How would the medical school of my day stack up against the current one? Face it: medical school has never been easy. It was nearly impossible to get into medical school in the early ‘70s, and it still is. The learning environment we faced was more hierarchical and less nurturing than today’s. However, the exponential expansion in biomedical knowledge places a much greater learning burden on today’s student. Our education was loosely structured and largely experiential. Today’s is more carefully regulated and sturdily buttressed with modern educational theory. Today we have competency-based goals and assessment methodologies. Back then, we had ~ well ~ I’m not sure what we had.
The one constant through the years is the medical profession itself. It was, and will always be, a great privilege to be part of it.
David Clive, MD is a Clinical Nephrologist and Professor of Medicine at University of Massachusetts Medical School.
Lessons from the Anatomy Lab
Just a year ago, we impatiently looked forward to the start of our journey into the medical profession. After spending our first month of medical school in biochemistry and genetics lectures, we were welcomed into the medical community with our White Coat Ceremony in mid-September. During the ceremony, the keynote speaker, Darrell G. Kirch, MD, president and chief executive officer of the Association of American Medical Colleges, told our class that during our medical training, it would “…take quite a bit of time to fill [our coats] with substance.”
The white coat, a derivative of the scientist’s lab coat, reflects the foundation of medicine, a field firmly rooted in science. Science is a study that, by definition, divorces itself from emotion. A genuine scientist bases his or her work not on his or her beliefs, but on data and facts. And it is true, we have spent a lot of time in medical school learning facts: which gene causes a particular disease, or how a drug leads to a specific outcome. In between learning these facts, though, we are reminded that our future profession is not only about becoming an expert on disease, but on becoming an expert at caring for others. Here lies the difference between the scientist’s lab coat and the doctor’s white coat, as medicine is not a field that can be practiced without emotion. So far, we’ve learned this lesson best from our first patients, our cadavers in anatomy lab.
On the day prior to the start of the anatomy course, there was an introduction explaining that what we were about to begin would be an unusual and emotionally challenging endeavor. We were told that some people would be uncomfortable. Some were. We were told that the smell of formalin used to preserve the bodies would be difficult to get used to. It was. We were also told that the next five months we would spend down in anatomy lab opening a dead body would mark an initiation and a transformation in each of us. We’d join an exclusive collection of individuals before us who have had the experience of looking within and closely studying another human body. But at the time, we did not know just how intimate the experience would be and how etched these months would become in our minds.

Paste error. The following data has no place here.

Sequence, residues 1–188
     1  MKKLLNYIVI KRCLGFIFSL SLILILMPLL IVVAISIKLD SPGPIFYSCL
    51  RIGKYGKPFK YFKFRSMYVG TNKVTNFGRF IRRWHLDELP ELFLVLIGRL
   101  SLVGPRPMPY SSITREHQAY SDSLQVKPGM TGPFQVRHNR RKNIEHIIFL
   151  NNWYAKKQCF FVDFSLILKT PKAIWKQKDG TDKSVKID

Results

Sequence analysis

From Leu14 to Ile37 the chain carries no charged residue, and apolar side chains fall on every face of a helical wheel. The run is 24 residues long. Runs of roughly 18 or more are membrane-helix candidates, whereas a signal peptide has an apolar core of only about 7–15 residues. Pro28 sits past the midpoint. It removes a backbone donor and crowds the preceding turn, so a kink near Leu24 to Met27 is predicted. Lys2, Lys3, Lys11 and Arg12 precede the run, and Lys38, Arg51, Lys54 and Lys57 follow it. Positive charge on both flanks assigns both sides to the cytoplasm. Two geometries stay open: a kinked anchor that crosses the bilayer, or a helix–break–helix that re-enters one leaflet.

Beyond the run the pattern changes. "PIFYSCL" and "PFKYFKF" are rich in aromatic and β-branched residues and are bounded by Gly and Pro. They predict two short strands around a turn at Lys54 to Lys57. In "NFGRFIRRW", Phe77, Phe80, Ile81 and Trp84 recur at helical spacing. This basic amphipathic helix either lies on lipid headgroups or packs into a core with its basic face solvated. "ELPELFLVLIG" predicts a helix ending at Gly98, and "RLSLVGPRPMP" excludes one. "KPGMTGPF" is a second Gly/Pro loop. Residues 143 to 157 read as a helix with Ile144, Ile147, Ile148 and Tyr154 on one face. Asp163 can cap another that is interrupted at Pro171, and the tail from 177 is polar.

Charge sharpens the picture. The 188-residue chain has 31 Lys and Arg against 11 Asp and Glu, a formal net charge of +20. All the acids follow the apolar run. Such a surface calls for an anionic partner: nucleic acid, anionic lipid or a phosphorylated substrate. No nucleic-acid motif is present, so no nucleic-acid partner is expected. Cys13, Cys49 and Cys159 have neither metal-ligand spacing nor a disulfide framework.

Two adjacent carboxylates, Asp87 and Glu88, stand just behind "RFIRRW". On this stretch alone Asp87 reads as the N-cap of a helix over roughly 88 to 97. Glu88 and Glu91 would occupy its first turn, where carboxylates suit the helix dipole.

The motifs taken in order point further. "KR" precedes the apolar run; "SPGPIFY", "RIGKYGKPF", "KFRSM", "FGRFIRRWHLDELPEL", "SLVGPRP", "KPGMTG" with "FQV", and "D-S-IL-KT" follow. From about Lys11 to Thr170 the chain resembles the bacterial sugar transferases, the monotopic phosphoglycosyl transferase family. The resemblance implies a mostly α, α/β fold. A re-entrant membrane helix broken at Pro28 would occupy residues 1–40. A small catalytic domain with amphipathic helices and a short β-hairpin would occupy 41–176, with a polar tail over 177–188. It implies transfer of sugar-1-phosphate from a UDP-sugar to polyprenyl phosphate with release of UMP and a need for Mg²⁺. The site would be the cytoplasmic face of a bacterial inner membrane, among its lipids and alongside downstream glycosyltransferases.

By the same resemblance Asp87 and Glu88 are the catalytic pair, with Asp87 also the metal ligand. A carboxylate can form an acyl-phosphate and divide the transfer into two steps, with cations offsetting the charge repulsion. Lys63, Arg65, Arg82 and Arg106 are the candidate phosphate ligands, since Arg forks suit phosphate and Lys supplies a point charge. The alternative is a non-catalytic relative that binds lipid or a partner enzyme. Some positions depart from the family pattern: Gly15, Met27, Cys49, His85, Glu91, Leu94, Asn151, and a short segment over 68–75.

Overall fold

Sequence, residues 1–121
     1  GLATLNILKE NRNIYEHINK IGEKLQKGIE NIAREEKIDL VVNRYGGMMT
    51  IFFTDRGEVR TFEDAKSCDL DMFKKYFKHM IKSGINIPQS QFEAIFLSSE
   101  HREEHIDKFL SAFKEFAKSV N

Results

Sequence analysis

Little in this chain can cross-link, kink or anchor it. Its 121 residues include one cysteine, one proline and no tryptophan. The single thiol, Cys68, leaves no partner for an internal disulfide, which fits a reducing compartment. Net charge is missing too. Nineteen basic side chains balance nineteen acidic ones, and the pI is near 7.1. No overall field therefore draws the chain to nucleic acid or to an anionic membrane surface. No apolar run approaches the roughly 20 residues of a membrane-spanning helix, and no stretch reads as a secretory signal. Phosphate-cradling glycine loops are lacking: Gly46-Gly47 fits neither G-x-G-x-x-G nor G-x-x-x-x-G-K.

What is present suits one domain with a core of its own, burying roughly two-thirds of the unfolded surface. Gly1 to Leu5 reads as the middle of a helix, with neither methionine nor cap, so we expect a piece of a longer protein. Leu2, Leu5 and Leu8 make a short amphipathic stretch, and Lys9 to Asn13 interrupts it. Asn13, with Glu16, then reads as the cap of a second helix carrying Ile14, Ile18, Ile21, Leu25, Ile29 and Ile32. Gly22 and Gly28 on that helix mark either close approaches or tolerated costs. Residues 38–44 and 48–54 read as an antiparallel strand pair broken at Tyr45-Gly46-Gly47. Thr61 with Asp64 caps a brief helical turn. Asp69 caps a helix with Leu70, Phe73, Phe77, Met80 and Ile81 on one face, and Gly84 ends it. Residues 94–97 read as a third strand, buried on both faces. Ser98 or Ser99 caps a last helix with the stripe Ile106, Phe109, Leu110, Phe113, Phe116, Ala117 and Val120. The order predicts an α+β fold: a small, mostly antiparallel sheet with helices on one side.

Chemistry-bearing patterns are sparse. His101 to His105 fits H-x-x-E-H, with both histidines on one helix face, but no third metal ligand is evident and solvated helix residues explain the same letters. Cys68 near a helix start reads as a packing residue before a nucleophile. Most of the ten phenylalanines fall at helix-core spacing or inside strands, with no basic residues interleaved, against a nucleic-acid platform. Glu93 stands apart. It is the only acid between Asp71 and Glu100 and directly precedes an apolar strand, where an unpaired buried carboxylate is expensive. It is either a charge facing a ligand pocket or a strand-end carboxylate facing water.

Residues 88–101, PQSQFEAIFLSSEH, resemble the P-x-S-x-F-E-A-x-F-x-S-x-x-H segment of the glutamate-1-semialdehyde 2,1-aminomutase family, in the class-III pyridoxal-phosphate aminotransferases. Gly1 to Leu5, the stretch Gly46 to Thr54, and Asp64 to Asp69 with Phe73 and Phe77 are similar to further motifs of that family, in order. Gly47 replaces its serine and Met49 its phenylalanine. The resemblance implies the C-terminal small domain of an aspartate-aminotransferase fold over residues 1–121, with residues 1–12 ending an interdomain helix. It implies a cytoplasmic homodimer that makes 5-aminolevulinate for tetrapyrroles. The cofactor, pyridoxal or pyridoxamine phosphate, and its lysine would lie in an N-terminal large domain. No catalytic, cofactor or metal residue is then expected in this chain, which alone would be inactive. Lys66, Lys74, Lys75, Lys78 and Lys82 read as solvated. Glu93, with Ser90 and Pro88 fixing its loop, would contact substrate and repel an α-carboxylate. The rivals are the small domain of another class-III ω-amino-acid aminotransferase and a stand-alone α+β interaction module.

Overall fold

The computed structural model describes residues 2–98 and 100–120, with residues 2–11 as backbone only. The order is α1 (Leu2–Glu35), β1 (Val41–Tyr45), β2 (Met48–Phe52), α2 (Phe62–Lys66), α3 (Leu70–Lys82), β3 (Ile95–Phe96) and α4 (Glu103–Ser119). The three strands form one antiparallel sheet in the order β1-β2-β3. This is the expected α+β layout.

We were introduced to our cadavers in early October. We were told only a little about them: gender, age and cause of death. Four or five students were assigned to each table. As we began our first dissection, we tentatively and nervously unzipped the white bags that sheathed our lifeless teachers. Silence filled the lab space as each group saw their cadavers for the first time. They were once living people. They were mothers and fathers, husbands and wives, grandmothers and grandfathers. But to us, they were strangers: lifeless, draped with dark blue towels. We didn’t even know their names.
Some of us dared not step close to the stainless steel anatomy table for weeks. Others took rather naturally to the process of dissection. After the first couple of days, during which we studied the superficial muscles of the back, we became more comfortable with the scalpel and the language of anatomy and began to realize just how much we had to learn. We continued in subsequent laboratories to unveil the secrets behind the ribcage, the soft organs within the belly, the swirling muscles and vessels wrapped about the limbs, and the intricacies of the brain buried underneath an unyielding skull. During our studies, we learned all at once the complexity and fragility of the human body. We observed the unique pathologies ~ cancers, strokes, enlarged hearts ~ that afflicted these people in life. As we touched their hands and held their hearts, we began to garner the clinical knowledge and skills we’ll use for years to come.
We were at different points amazed, saddened, inspired, and uncertain, but always grateful. It was these emotional hurdles that helped to make the experience so meaningful and memorable. Because our cadavers, who in death were now teaching us so much about life, had so selflessly given us this opportunity, we were inspired to appreciate the human body far beyond the capacity of learning through books and computers. And the lessons that they taught us remain deeply engrained within our minds. When trying to understand the physiology or pathology of the heart, it’s not a picture of the heart in a textbook that we see. We go back to the anatomy lab and remember theirs.